Mayor: Josele González (since 2019)
Patron saints: San Anton, Virgen de la Peña
Boundaries: Mediterranean Sea, Marbella, Ojen, Coin, Alhaurin el Grande, Alhaurin de la Torre, Benalmadena, Fuengirola
Mountains: Sierra Alpujata, Sierra de Mijas (1150m)
Rivers: Rio Fuengirola
Average temperature: 18ºC
Average rainfall: 600 litres/m2
Average hours of sunshine: 2,920
Areas: Mijas Pueblo, Las Lagunas, La Cala
Beaches: 14km
Getting to know Mijas
MIJAS, located on the Costa del Sol, just 34 kilometres south of Malaga city, is the fourth most populated town in Malaga province.
Mijas was, until the 1950s, mainly a village of fishermen and farmers, but has become home to foreign residents of more than 120 different nationalities, now accounting for more than 36 per cent of the population. The majority (around 60 per cent) as British.
Mijas covers a large area of 148km2, from the mountains of Sierra Alpujata and Sierra de Mijas to the Mediterranean Sea, divided into three areas: Mijas Pueblo, Las Lagunas in Mijas Costa, and La Cala de Mijas.
Mijas Pueblo, a typical white-washed Andalucian village, is located 428 metres above sea level and it is where the town hall is located, as well as most of the historical buildings.
A popular place to live
IN 2010, Mijas became the third most populated town in Malaga province.
Between 2000 and 2005 alone, the population rose by 39 per cent, mainly due to the rising number of elderly residents who moved to the area.
The most populated area is the more modern and commercial part of Mijas, Las Lagunas, with around 47,000 inhabitants.
The second most populated area is La Cala, while Mijas Pueblo has aroundjust  3,600 inhabitants. The areas of Entrerrios, Osunillas and Valtocado between them have more than 5,000 residents.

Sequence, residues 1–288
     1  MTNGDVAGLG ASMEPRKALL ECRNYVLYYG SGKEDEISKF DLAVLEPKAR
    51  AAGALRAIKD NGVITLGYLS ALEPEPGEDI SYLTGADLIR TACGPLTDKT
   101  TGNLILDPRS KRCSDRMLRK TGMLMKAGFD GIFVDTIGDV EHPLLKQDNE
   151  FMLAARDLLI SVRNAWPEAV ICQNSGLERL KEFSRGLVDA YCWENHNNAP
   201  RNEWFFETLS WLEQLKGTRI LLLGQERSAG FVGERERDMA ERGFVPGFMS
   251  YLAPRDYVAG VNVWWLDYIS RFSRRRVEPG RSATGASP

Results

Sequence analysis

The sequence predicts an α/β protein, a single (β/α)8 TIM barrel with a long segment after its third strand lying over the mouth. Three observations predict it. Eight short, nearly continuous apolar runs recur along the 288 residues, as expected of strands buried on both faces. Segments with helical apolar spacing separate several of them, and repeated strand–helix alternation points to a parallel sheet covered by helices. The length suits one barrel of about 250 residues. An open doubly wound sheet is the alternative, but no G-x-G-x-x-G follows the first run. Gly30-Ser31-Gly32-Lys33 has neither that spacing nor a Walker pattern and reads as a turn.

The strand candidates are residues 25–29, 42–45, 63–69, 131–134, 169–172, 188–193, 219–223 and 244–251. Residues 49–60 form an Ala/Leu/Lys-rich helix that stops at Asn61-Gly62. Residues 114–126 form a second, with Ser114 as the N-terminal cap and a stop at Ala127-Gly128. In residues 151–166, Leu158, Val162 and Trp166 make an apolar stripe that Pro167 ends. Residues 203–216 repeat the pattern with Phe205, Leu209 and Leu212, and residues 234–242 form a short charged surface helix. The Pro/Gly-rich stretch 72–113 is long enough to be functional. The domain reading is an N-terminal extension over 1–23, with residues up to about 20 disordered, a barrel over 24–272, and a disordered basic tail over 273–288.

This is all according to the official census, however, Mijas Town Hall believes that the population for the whole area could be more than double the official figures, and in the summer months, it usually rose to almost 200,000 people.
The mountains are inhabited by many species of birds of prey and smaller birds, as well as mountain goats, dormice and genets.
From sunshine to snow
THE climate in Mijas is one of its main attractions.
Being close to the sea, the temperatures are not extreme and the average for the year is 18ºC.
It doesn’t get excessively hot in the summer or overly cold in the winter, although snow can be expected on the peaks of the Mijas mountains in the winter, as the higher you go, the colder the temperatures fall, especially above the 600 metres above sea level mark.
On average, Mijas gets less than 600 ml of rain per year and the rainy season is between November and January. On the other hand, Mijas gets an average of 2,920 hours of sunshine per year.
Unfortunately, the summer months also see many forest fires in Mijas and the surrounding areas, both accidental and intentional.
Fiestas and fairs
Dia de San Anton – January 17